Eimeria callospermophili Henry, 1932.
Type host: Spermophilus lateralis (Say,
Synonyms: Eimeria callispermophili
[lapsus McAllister et
al., 1991]; E. callosphermophili [lapsus]; E.
callospermephili [lapsus]; E. citelli; E.
monacis; E. os; E. perforoides.
Other Names: E. assaensis.
Hosts: Cynomys gunnisoni; C.
leucurus; C. ludovicianus; Marmota baibacina; M. bobak;
M. flaviventris; M. monax; M. sibirica;
Spermophilus armatus; S. beecheyi; S. beldingi;
S. columbianus; S. citellus; S. elegans; S.
erythrogenys; S. franklinii; S. fulvus; S. lateralis;
S. mexicanus; S. relictus; S. richardsonii; S.
spilosoma; S. townsendii; S. tridecemlineatus; S.
Type locality: North America, USA, California,
Other localities: Asia: Buriatia; Kazakhstan; North
America: Canada, Alberta; USA,
Colorado, Idaho, Illinois, Iowa, Montana, New York, New Mexico (unpubl. data),
Pennsylvania, Texas, Utah, Wyoming; Central America: Mexico.
Description of oocyst: Oocyst shape: subspheroid;
wall thickness: 1.0-1.5; layers: 1
or 2; outer layer proportion of total thickness: not given; outer layer colour:
yellow; outer layer texture: smooth; inner wall characteristics: smooth; micropyle:
absent; OR: present; OR characteristics: homogenous and clear or granular; OR L x W:
3-5 x 3-5; PG: present; number of PGs: a few; PG shape: not given; PG L x W: not
given; size: 19.2 x 16.0 (16-22 x 16-22); L/W ratio: 1.1 (1.0-1.1). Distinctive
features of oocyst: transparent appearance with large, clear OR; original
description states that the outer wall is slightly rough and one layer thick. In the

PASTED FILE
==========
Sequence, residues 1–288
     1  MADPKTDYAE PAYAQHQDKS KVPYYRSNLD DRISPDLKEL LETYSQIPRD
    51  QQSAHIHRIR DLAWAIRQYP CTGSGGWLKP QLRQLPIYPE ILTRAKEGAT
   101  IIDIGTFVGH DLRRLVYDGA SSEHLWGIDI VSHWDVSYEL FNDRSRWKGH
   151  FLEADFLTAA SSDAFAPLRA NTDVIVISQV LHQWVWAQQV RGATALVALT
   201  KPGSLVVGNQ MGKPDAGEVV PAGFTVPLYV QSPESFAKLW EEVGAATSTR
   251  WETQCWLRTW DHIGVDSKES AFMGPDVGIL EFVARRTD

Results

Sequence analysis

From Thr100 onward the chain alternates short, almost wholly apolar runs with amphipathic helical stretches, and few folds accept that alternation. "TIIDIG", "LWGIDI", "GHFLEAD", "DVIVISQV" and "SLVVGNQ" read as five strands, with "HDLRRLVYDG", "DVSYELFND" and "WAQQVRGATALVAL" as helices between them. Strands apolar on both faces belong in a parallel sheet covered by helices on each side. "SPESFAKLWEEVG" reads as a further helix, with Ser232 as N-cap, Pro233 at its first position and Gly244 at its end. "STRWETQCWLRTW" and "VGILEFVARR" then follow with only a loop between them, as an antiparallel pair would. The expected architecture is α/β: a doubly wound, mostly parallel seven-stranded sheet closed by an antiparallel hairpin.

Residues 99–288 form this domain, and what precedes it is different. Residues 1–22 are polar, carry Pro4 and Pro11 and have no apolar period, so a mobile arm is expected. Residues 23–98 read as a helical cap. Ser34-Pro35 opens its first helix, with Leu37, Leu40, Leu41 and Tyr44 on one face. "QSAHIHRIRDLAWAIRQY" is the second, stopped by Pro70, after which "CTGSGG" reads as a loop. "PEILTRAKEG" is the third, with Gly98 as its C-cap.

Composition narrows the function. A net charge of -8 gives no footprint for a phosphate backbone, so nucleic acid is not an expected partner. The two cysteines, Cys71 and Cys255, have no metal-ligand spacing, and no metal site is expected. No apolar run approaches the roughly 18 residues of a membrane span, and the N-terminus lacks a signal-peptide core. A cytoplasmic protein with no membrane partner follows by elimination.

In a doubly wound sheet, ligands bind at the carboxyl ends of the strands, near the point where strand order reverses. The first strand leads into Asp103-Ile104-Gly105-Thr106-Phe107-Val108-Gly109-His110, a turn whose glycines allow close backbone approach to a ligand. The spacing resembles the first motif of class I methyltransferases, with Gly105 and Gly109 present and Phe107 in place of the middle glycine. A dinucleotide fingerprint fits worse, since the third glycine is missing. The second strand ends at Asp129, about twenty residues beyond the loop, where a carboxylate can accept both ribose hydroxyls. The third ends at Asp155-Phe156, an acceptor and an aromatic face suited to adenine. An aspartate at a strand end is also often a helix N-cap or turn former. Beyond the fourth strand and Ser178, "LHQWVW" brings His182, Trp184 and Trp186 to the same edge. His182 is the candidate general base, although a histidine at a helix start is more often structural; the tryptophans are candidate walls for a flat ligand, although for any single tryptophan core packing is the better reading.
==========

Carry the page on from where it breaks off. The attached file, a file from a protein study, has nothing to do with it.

original photomicrograph, the wall of the sporulated o÷cyst appears smooth; all
other authors have reported it as smooth. The number of layers has been reported as
1 or 2 by various authors.
Description of sporocysts and sporozoites:
shape: subspheroid; size: 10.2
x 8.5; SB: present; SB L x W: not given; SB characteristics: pointed; SSB: absent;
PSB: absent; SR: present; SR characteristics: meagre, consisting of a few granules;
SR size: not given; SP: not described. Distinctive features of sporocyst:
Material deposited:: USNPC No. 87249
Remarks: Eimeria callospermophili was
described by Henry (1932) in S. lateralis. In
1931, Crouch & Becker found E. perforoides (described as a new species) and
monacis" in M. monax. However, their description of E. perforoides
(1930) description of E. monacis while the form they called E. monacis
callospermophili. We consider Crouch & Becker's (1931) E. perforoides to
monacis and their E. monacis to be E. callospermophili.
Machulsky (1941) identified E. os in M. sibirica, but his
Crouch & Becker's (1931) E. monacis (= E. callospermophili, see above)
description of E. os.
Svanbaev (1962) reported E. callosphermophili (sic) from Meriones
tamariscinus, but Levine & Ivens (1965) thought Svanbaev saw E.
there is no illustration, so E. assaensis is a species inquirenda.
reported E. monacis in M. monax, but the description and
indistinguishable from E. callospermophili and do not match the original
of E. monacis by Fish (1930). The photomicrograph labelled E. citelli
in Abenov &
Svanbaev (1979) also looks like E. callospermophili.
Fleming et al. (1979) and McQuistion & Wright (1984) reported E.
from M. monax. They both used Dorney (1965) to aid their identifications, so
they all called E. monacis was probably E. callospermophili.
Nukerbaeva & Abenov (1979) described two morphotypes of E.
monacis, see above). The description and photomicrograph of Nukerbaeva &
(1979) round form appear to be of E. callospermophili.
Abenov & Svanbaev (1982) presented a photomicrograph of E. citelli
strongly resembles E. callospermophili, while the oocyst in their
E. callospermophili is incompletely sporulated.
References: Abenov (1980); Abenov & Svanbaev (1979,
1982); Crouch & Becker (1931);
Dorney (1965); Fish (1930); Fleming et al. (1979); Henry (1932); Hilton & Mahrt
(1971); Levine et al. (1958); Levine & Ivens (1965); McAllister et al. (1991);
McQuistion & Wright (1984); Machulsky (1941, 1949); Nukerbaeva & Abenov
(1979);Seville (1997); Seville et al., (1992); Seville & Stanton (1993b); Shults et
al., (1990); Stanton et al. (1992); Svanbaev (1960, 1962); Thomas & Stanton (1994);
Todd & Hammond (1968a); Torbett et al. (1982); Veluvolu & Levine (1984); Wilber et